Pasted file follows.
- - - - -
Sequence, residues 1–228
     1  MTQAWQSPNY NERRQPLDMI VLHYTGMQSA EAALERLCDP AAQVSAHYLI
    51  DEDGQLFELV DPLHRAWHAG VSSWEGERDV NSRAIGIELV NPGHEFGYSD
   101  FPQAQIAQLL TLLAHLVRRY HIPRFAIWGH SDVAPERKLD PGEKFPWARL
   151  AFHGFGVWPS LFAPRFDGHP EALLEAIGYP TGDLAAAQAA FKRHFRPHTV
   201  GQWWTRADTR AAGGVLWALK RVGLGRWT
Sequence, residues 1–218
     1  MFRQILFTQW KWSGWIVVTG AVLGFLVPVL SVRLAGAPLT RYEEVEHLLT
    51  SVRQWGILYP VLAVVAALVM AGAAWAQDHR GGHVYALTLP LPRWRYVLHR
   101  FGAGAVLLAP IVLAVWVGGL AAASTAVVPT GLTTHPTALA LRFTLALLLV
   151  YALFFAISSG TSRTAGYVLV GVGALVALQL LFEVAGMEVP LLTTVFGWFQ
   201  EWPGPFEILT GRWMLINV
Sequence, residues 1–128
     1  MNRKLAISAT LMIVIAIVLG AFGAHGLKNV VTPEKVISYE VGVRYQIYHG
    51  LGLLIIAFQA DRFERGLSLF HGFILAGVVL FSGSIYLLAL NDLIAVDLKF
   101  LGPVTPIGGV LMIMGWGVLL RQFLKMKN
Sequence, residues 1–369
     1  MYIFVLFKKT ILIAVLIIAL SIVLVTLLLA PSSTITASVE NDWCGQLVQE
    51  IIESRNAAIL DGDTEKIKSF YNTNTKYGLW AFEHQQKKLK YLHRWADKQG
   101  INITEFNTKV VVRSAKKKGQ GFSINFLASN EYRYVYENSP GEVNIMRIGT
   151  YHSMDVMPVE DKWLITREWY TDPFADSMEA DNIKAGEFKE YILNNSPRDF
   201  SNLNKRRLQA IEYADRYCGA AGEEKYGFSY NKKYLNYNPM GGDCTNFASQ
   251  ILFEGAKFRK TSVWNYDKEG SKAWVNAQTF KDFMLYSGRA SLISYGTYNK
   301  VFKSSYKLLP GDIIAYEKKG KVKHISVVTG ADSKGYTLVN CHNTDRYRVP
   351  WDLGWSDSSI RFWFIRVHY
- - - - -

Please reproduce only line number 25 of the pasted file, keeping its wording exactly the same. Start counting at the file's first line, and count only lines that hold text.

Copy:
   351  WDLGWSDSSI RFWFIRVHY